candlestick

July 1847-March 1848


The Collected Letters, Volume 22


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JWC TO THOMAS CARLYLE ; 11 September 1847; DOI: 10.1215/lt-18470911-JWC-TC-01; CL 22: 58-60


JWC TO THOMAS CARLYLE

5 Cheyne Row / Saturday [11 September 1847]

Here I am then, safe and sound! rather tired and as yellow as saffron with yesterday's journey; but that is all. I left Barnsley at one and got home at eleven, rather low when I stopt at my own door all alone, but Anne received me with a little outburst of affection as cheering as it was unexpected. What you will consider more to the purpose, she had every thing in the nicest possible order, seemed really to have exerted herself to the uttermost in divining and executing my wishes—a better cleaned house I never set my foot in, and even her own little person had bloomed out into new clothes for the occasion— All the carpets have been not only up, and most effectually cleaned, and nailed down again, as nobody but myself ever succeeded in nailing them before, but she has been at the unbargained for pains to DARN them, wherever they needed it. Nay she has actually learnt to stand on steps, and dusted every book on the shelves! Mrs Piper too has been at work like a very Brownie—Postie and she came at four oclock one morning and washed up all the blankets and counterpanes!1 and then the little post-woman herself fell upon the chair and table covers and having washed them quite beautifully nailed them all on again so that the whole house looks as bright as a new pin—Postie had also helped to beat the carpets, considering that Eaves2 was rather Slimming them; but he charged Anne to keep this and indeed all his doings a secret from me. To fall to work messing and painting inside, now that every thing is so well cleaned, and so late in the year, would I think be “very absurd”3— when the parlour is new papered and painted it should be done. properly—and proper painting, takes a prodigious time—but I will see somebody tomorrow to speak at least concerning the outside.

I have not seen John yet but he will come I suppose after his proofs are corrected— Nobody else knows of my return, and I shall keep it “a secret to please him”4 till I feel a need of company, which I fancy will not be for some week to come— Meanwhile I have plenty to employ me—in siding5 drawers and locked places which I left in the disgracefullest confusion, and in rehabilitating the clothes department which has been wonderfully reduced and dilapidated by these weeks of travel—to say nothing of plenty of letters lying on my conscience—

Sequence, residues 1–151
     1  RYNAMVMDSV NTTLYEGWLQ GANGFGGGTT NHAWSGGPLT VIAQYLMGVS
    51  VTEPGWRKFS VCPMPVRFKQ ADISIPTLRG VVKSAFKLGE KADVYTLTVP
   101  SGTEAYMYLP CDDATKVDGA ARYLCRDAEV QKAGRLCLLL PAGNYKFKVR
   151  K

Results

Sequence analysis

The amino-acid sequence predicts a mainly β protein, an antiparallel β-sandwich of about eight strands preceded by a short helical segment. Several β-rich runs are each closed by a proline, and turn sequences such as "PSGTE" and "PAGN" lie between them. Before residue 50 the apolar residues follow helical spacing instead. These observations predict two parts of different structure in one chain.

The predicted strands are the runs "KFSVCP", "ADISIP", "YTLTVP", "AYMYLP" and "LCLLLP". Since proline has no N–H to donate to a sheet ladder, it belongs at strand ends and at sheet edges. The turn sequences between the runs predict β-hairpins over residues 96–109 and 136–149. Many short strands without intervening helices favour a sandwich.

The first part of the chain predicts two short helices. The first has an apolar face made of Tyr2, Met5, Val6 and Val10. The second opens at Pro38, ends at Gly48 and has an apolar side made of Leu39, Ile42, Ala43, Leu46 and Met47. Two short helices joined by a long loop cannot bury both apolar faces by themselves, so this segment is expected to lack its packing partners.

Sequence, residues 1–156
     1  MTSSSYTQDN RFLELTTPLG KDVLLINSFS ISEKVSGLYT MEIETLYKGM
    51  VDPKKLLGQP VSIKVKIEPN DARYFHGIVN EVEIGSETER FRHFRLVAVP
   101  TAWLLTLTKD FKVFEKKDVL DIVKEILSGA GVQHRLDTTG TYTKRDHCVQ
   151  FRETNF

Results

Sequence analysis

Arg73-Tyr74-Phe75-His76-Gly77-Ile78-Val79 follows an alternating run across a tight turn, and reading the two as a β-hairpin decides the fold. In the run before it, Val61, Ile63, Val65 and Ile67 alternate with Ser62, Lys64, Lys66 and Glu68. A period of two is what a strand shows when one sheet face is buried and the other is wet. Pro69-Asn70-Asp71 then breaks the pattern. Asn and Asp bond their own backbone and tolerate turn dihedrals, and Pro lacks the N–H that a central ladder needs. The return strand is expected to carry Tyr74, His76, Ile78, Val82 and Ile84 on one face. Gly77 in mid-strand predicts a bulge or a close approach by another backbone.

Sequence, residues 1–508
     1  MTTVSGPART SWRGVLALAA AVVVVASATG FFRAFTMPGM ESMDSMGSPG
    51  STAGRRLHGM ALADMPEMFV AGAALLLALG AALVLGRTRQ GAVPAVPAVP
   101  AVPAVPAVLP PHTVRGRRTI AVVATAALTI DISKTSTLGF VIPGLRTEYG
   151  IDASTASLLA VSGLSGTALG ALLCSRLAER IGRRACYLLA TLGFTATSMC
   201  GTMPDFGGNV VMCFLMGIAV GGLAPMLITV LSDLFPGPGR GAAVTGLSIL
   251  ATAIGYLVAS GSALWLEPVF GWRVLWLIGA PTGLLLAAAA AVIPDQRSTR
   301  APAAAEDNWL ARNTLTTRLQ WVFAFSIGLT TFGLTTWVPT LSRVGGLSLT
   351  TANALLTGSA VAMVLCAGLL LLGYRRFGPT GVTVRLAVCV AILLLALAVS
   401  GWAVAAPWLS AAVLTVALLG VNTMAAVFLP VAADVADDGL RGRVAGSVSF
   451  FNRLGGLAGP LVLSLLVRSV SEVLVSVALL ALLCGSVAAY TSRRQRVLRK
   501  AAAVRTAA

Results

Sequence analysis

Did you find at Scotsbrig—a letter from Anthony Sterling announcing his Father's death?6 Anne says he (Anthony) called here last saturday to ask the address and she gave him the Rawdon one— The poor Old man had been quite insensible for a week before his death—and the week before that, he had insisted on having himself brought to this door, tho even then he was speechless! Anne said it was the sadest thing she ever saw—he waved to her to come to him and made signs as if he were leaving a message for me—pointed repeatedly to his lips and then to the house, and then shook his head with tears running down— How often I have made a jest of that old mans affection for me—and now it looks one of the most valuable affections I ever possessed for he clung to it till his last moment of consciousness— His nurse who came with him told Anne she knew I was not at home—but it was perfectly impossible to hinder his coming. Anthony, Anne says, seemed “dreadfully cut up” he “could hardly speak to her for the tears in his throat.”

Your letter was lying for me last night when I came in, and gave me somehow the feeling of a letter written out of Hades. I hope I shall get another soon—

I hardly supposed your Manchester worshipers and least of all Geraldine would let you off on the Tuesday. As to me, I could not well have got home on the Wednesday, even if much set on it, which I was not. On Tuesday Nodes and his Wife took me thro two immense factories, and a long drive besides in a phaeton—on the way home I was seized with one of my very worst fainting headachs and had to be carried from the carriage to bed—where I lay in what they took for a last agony till Midnight— Nothing could be kinder than Mrs Newton was, but kindness could do nothing till the time came— Next day I got up to breakfast—but too brashed [sick] to dream of going off to London—so I agreed to stay till Friday—they would fain have had it Monday but, I could not be so silly as change my day twice.

My visit to Long car was a highly successful one except for that headach which might have happened anywhere

—The children are beautiful loveable children, brought up, as children used to be in my time, and no trouble to anybody Mrs Newton herself grows more attractive for me the more I see of her—her quiet good sense and loving heartedness, and perfect naturalness are very refreshing to ones world-used soul— Even poor Nodes is a much more interesting man at the head of his Mill and his family—than when hanging loose on Society in London—but it is twenty minutes after four—

Ever yours /

J C